Holland – The Original Cool ?

All that being said however, there are always two (or more) sides to the story. I’ve met Dutchies that love to hang around people from all over the world. Part of the reason why there are so many foreigners here is because there are many job openings that need to be filled by people from different countries. And let’s not forget the international student community, it’s huge! Apparently that’s not enough as the Netherlands is trying to tempt these young, educated foreigners to stay after they graduate.

Luckily for me, I came to the Netherlands through an international student organization. This meant that I was put together with a group of internationals in a similar position right off the bat. That made it easier to meet new people and make friends. My experience would have been much different if I came here on my own. I certainly would have had to exhaust a much greater effort into making friends. In other words, I probably would have been a lot lonelier. In my case, I haven’t really felt the sting of being unwelcome. In fact, Amsterdam is like a second home to me because I love the city and the people I’ve met.

Whether or not a place and its people warm up to foreigners doesn’t change the fact that you can always put in the effort to find your groove as an expat. There are tons of groups and organizations for the international community; it’s up to you to stick your neck out and meet people, Dutch or otherwise.


  1. i lived in a small, rather international town in germany for 3 years before moving to a’dam. And boy, we loved complaining about everything there! After 3 years, even I got sick of insulting the german way of doing something, considering that, put in balance, it was still far better than the back-home way of doing it. Just that it was not perfect. But I’ve learned to let it go.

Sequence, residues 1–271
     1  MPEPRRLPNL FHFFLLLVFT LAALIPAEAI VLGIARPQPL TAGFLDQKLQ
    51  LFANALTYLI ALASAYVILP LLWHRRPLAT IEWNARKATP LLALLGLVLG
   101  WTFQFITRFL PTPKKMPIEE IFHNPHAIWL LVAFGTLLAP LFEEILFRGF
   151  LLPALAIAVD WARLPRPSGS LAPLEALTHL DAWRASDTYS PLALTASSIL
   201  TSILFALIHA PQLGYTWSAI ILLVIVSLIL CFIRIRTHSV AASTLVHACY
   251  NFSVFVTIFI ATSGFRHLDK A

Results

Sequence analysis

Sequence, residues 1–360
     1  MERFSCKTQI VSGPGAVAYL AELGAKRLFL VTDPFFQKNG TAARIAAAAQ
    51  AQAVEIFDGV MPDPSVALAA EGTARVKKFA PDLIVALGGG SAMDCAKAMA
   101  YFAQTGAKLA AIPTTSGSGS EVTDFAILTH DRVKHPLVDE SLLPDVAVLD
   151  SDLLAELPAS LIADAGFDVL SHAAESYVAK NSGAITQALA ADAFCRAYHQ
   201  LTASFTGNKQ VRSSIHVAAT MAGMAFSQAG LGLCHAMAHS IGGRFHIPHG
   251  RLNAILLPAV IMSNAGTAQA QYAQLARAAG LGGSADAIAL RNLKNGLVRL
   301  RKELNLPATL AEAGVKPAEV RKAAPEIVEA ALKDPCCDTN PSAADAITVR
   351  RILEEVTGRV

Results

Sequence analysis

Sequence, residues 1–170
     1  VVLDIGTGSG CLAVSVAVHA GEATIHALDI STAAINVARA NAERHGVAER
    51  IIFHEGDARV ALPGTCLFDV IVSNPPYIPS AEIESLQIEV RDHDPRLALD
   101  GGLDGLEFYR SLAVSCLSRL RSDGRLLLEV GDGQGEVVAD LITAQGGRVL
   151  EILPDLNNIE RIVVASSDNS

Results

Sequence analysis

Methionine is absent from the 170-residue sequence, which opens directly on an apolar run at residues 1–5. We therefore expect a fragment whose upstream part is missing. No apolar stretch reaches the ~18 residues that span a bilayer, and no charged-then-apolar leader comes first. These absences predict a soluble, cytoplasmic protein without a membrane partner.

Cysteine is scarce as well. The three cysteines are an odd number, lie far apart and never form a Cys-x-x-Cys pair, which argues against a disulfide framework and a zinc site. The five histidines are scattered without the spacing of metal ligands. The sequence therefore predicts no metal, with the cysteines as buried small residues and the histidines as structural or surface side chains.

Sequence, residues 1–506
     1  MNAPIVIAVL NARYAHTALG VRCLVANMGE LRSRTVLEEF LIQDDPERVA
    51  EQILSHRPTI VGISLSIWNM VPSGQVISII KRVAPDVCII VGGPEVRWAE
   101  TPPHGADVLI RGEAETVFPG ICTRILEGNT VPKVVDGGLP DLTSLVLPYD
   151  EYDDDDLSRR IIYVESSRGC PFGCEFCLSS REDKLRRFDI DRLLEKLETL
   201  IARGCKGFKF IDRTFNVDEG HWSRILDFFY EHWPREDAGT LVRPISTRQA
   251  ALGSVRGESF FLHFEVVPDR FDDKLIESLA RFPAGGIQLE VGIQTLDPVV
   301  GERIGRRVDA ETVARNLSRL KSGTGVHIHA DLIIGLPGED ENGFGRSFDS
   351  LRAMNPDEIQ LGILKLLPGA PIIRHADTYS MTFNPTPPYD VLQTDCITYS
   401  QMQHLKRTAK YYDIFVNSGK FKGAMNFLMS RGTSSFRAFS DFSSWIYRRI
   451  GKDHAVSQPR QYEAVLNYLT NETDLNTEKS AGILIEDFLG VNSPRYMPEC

I’ve learned that official communication HAS TO be written in the country’s official language, and i can meet people only by asking them to translate this or that, I’ve learned that making friends requires time and effort, which many (including myself) are not willing to spend if they know you might be leaving the country soon.
    So unless you convince them that you really want to stay in their country, put some effort into learning their language, impress them with facts you’ve learned about their culture (positive ones help most), and spend few months inviting them for a coffee, dinner, party – it will be rather impossible to make local friends. And when you do, you’ll really feel at home in the country that has adopted you!

    anyway, first step, stay positive and accept that things are different. In the end, you were the one wanting to experience NEW cultures. here they are. enjoy it!

    • Haha yeah I do like complaining about the Dutch way of doing certain things, and not in a malcious way…but then again, I like appreciating the positive things as well. It would be the same in any country. It’s just a natural thing to compare your own culture to another one when you’re living in a different country. Like I mentioned, there has to be an effort put into making friends, so I totally agree with you on that front. Don’t get me wrong with this article, I love Amsterdam and the Netherlands! I just thought that this was an interesting and relevant topic to discuss as I’ve met many expats who share the same view.

  2. I agree, to an extent, which is why I chose to live in the Hague. The only comment I have is regarding the expectation that the government provide English-speaking services and communications. This is based on Dutch being the officially-recognized language, rather than market demands or customer service. Most countries do this, except the US, which does not have a government-sactioned language, so services are also provided in Spanish in areas of the country that have that demand.